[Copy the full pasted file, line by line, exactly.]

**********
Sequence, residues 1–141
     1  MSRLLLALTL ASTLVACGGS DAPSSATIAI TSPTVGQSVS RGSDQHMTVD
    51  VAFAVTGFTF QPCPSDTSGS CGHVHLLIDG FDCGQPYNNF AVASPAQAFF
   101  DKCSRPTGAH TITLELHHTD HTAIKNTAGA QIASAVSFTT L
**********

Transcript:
Sequence, residues 1–141
     1  MSRLLLALTL ASTLVACGGS DAPSSATIAI TSPTVGQSVS RGSDQHMTVD
    51  VAFAVTGFTF QPCPSDTSGS CGHVHLLIDG FDCGQPYNNF AVASPAQAFF
   101  DKCSRPTGAH TITLELHHTD HTAIKNTAGA QIASAVSFTT L